Posted on Monday, October 22, 2007 - 03:43 pm:   

That's a b/w ad too. Color costs more.

Advertising (depending on the publication) generally pays the bills. It also helps to keep the price down. And one also has to factor in usually a return rate in the 50% range. So 3 million copies on the newsstand means 1.5 million copies returned.

And of course People pays a lot of money for those celebrity photos and stories, etc.

So on casual view, the ad rates would seem to indicate a cash bonanza. But the cost of doing business is also high.

And then when one factors in the online website where the content is free and the advertisers don't want to pay print rates for banner ads, well it just makes profitability even more difficult.
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Gordon Van Gelder
Posted on Wednesday, October 24, 2007 - 12:31 pm:   

Several people have commented on the irony that in a week when Stephen King calls us the gold standard of short fiction, we should also get bloggers like Warren Ellis and John Scalzi pondering the continued existence and point thereof of the science fiction print magazines:

http://www.warrenellis.com/?p=5212

http://scalzi.com/whatever/?p=66

http://www.boingboing.net/2007/10/22/sf-magazines-circula.html
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PM
Posted on Wednesday, October 24, 2007 - 01:29 pm:   

Hopefully, Stephen King will help sell additional copies.

I don't know if you've addressed this but it's been and continues to be criticized...the "this" being the look of the print magazine and the website.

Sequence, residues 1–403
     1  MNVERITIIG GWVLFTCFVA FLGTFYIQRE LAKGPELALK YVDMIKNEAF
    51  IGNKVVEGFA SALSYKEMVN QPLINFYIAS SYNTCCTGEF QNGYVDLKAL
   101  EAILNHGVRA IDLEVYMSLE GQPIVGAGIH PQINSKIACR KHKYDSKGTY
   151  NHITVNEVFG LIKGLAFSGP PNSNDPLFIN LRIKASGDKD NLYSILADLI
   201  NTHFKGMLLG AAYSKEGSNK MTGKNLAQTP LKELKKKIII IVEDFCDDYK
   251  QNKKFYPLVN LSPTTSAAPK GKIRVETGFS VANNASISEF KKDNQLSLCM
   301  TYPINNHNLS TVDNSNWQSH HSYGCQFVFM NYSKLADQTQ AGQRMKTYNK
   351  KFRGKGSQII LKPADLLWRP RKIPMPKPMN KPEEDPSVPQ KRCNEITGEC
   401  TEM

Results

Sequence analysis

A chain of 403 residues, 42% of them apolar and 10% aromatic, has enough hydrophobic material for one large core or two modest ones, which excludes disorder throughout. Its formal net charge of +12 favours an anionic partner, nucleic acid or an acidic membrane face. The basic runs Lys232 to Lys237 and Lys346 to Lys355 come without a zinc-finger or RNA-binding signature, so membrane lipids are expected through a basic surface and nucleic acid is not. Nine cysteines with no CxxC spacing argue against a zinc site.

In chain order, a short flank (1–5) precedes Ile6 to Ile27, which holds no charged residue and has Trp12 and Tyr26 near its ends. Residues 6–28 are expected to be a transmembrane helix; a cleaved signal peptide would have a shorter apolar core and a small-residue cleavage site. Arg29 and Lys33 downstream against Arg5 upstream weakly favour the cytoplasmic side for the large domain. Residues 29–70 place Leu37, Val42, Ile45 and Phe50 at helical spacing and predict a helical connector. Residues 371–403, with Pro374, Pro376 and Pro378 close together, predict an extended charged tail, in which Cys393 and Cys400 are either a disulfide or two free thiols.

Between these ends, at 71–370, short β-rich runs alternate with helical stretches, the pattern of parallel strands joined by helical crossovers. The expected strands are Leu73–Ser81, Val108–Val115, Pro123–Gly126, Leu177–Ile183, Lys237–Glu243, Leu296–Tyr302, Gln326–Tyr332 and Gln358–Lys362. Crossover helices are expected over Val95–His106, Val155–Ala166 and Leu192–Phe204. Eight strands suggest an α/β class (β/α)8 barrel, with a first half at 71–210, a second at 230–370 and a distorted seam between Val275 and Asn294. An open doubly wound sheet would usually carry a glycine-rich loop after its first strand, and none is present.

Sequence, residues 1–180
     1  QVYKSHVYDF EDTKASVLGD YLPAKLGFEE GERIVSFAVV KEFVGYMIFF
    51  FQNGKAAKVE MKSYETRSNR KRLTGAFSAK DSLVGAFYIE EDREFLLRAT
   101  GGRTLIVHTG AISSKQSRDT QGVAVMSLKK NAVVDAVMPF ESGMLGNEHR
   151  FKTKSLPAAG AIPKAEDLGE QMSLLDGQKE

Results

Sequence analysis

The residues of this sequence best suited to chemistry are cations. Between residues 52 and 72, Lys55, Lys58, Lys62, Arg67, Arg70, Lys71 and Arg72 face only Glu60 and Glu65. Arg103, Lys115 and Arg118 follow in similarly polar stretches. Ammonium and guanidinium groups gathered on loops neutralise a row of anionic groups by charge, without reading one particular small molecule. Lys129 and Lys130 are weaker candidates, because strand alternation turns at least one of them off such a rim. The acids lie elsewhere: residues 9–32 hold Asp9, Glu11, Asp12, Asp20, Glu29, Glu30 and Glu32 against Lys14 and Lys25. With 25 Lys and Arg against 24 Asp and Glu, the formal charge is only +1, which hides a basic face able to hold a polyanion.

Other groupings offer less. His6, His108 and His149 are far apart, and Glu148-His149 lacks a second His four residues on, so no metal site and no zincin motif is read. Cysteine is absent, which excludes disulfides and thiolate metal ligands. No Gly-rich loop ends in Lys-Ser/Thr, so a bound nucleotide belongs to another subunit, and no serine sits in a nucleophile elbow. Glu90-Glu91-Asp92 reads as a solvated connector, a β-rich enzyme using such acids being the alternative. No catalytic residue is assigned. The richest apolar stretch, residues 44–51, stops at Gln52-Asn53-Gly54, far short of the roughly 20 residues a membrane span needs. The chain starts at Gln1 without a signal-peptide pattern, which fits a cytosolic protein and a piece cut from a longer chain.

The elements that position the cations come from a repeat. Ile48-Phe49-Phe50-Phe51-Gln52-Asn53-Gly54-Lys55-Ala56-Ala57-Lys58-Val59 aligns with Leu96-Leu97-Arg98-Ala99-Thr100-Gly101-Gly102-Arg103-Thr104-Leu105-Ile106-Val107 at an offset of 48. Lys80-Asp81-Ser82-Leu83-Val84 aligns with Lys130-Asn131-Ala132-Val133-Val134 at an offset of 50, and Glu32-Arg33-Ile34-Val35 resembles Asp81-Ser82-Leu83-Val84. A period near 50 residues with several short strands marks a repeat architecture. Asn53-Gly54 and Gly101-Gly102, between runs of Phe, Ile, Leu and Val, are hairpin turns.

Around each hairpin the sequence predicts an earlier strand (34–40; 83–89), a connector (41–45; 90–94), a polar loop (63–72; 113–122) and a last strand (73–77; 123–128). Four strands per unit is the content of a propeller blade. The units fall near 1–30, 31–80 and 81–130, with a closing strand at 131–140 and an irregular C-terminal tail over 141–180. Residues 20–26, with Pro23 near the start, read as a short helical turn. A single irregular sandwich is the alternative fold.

And while everyone is offering their solutions...

The subscription rate is too high. $18 for 6 months and $25 for a year.

I'd add 24-48 pages of ads. Conventions!

Subscribers would be offered the ability to download the PDF edition for free. The PDF edition would have the ads and color.

I would hire Warren Ellis to write essays because if you want cranky, don't give a fuck, piss all over the place, slap in the face writing well he can do it. And Harlan Ellison is pretty good too :-)

And they have fans...unlike the present fellow.

And if you can't afford to pay them. Just link to their blogs/websites because they do have interesting things to say from time to time.
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des lewis
Posted on Wednesday, October 24, 2007 - 01:34 pm:   

With my own work, I have been publishing it all on the internet since 2000 (because I can't be bothered to get a printer, as one of those articles said). And I get more readership that way than keeping it in a cupboard.